At the end of 2016, the Centers for Medicare and Medicaid Services (CMS) finally responded to repeated requests for information on agency efforts to curb fraud and abuse while ensuring quality of care in electrodiagnostic (EDX) medicine. In their official statement to Congress, CMS pointed to numerous pay-and-chase style efforts to target physicians with high utilization of the corresponding codes. CMS also stated that the agency was working to raise awareness and educate physicians about appropriate utilization and billing in EDX medicine.
AANEM has provided members of Congress with a response to the stated CMS position expressed through a recent letter
. The letter points out that CMS’s response ignores the real and immediate threat posed by organized efforts to provide inappropriate, unnecessary, and harmfully misleading tests that take place indiscriminately, provide no actionable healthcare information, and focus solely on volume. Such suspect efforts have traditionally stayed away from federal payers and targeted private payers, but they are now increasingly beginning to bill Medicare and Medicaid. These efforts are, in part, responsible for the increased utilization of EDX codes (that led to 2013 reimbursement cuts) and, more seriously, undermine patient health and wellness.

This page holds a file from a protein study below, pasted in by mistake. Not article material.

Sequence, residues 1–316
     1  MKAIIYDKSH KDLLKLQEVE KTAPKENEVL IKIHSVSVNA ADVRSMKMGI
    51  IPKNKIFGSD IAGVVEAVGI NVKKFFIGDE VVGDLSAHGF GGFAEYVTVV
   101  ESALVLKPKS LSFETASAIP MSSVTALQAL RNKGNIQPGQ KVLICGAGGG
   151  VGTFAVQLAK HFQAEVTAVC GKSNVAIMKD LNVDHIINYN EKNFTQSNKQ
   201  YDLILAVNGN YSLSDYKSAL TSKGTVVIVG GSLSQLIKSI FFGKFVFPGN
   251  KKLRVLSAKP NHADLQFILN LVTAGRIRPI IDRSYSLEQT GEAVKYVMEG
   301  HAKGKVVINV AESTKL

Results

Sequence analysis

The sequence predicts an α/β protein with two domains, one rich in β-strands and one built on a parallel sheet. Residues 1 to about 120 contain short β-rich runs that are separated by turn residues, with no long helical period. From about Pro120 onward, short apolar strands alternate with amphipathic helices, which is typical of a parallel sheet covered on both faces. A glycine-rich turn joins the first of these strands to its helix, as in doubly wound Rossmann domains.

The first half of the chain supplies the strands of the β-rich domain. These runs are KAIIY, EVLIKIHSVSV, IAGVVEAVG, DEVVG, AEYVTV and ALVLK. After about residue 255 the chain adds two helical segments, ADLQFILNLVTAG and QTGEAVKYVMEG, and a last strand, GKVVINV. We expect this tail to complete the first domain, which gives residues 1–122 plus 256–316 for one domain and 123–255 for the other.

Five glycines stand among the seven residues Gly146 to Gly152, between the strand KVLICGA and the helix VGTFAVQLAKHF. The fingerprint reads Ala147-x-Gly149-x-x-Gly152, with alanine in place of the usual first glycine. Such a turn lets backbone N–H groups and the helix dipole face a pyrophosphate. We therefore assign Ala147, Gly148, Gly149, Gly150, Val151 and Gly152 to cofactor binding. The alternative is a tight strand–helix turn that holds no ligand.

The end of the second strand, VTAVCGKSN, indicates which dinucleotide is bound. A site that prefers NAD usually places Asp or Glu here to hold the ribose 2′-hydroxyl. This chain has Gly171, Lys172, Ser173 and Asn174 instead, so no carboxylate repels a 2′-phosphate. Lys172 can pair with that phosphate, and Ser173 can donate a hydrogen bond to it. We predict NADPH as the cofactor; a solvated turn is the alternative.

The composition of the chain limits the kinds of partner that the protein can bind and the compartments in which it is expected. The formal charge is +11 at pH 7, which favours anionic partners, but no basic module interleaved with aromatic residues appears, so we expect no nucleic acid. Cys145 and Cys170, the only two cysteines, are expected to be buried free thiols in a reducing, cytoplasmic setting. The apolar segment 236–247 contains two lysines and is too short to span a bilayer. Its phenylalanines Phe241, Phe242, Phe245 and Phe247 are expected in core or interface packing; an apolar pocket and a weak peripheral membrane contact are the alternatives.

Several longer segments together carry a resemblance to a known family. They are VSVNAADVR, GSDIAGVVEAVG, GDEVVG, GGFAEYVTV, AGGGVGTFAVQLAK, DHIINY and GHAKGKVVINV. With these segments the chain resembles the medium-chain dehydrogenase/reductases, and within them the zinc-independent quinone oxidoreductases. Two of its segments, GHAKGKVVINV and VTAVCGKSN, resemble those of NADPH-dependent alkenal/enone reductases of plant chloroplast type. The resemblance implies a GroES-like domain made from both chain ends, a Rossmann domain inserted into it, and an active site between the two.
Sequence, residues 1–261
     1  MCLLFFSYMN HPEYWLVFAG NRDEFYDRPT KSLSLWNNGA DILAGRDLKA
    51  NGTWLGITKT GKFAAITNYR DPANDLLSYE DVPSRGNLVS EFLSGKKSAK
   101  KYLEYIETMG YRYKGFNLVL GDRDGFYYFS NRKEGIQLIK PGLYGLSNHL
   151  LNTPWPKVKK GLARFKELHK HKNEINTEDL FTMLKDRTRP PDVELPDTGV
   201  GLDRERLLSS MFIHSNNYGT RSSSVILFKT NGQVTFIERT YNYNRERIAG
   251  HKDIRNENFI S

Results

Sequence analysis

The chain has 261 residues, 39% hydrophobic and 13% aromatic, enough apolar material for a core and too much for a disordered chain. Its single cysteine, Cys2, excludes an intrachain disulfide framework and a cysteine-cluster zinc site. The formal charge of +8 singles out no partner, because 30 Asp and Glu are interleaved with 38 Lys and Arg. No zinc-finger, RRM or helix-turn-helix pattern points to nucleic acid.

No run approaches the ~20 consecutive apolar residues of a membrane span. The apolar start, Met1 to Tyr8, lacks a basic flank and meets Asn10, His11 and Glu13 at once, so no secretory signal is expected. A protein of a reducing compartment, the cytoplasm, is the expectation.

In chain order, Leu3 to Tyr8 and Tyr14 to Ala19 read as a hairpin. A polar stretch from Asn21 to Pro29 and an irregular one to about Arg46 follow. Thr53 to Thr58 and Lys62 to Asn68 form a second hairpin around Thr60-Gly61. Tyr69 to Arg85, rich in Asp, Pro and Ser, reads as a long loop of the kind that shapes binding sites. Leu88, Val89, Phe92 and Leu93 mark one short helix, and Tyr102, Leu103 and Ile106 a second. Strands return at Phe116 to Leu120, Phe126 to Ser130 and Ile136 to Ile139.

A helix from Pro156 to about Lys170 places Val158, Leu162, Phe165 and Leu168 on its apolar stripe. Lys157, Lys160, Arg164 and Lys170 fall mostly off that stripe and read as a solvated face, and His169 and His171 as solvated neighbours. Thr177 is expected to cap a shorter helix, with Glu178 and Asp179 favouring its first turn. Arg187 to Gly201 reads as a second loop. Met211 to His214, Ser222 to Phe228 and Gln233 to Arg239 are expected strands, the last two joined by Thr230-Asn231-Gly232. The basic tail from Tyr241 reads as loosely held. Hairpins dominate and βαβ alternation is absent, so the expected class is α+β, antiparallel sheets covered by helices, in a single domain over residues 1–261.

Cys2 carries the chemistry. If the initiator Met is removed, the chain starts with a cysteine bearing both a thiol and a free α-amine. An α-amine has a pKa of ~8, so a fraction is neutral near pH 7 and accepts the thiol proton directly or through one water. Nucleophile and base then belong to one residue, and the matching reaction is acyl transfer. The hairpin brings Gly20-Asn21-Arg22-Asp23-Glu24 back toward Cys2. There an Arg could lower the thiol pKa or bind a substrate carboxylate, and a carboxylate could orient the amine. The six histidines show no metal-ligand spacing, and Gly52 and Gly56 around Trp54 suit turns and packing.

It is important to note that while looking at these issues, legislators are also considering and confirming new leadership for the Department of Health and Human Services and CMS. It is possible that new leadership will bring a new perspective on the challenges facing EDX medicine and, perhaps, a more collaborative approach to working with community stakeholders to address issues undermining the quality of care. During this time of change, AANEM is committed to continuing to educate and work with policymakers to ensure federal and private payers effectively address fraud and abuse as well as promote optimal care for patients.